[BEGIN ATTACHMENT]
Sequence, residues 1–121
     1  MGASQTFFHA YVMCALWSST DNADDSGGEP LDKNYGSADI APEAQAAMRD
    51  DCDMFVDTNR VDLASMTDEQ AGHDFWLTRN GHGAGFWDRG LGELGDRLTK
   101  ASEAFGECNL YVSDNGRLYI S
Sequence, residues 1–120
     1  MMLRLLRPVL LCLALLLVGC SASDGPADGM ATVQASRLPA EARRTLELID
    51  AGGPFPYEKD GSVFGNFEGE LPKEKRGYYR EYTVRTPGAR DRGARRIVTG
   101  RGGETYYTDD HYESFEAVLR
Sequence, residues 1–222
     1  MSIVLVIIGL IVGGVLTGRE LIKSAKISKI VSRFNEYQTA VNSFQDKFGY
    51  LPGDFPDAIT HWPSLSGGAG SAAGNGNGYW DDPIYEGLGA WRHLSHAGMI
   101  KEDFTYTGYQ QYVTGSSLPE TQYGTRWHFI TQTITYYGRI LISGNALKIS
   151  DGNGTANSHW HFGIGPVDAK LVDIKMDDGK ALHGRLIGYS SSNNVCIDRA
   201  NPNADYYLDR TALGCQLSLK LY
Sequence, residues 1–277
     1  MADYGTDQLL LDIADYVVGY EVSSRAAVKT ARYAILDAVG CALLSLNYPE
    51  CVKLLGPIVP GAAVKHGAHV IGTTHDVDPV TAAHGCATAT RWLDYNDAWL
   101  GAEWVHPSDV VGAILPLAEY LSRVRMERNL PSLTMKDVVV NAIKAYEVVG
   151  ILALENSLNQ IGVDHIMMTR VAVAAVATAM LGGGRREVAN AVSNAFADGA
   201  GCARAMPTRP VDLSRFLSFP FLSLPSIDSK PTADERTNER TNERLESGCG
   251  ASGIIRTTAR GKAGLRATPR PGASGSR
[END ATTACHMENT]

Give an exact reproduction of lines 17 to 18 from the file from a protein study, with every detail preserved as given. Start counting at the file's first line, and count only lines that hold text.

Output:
    51  CVKLLGPIVP GAAVKHGAHV IGTTHDVDPV TAAHGCATAT RWLDYNDAWL
   101  GAEWVHPSDV VGAILPLAEY LSRVRMERNL PSLTMKDVVV NAIKAYEVVG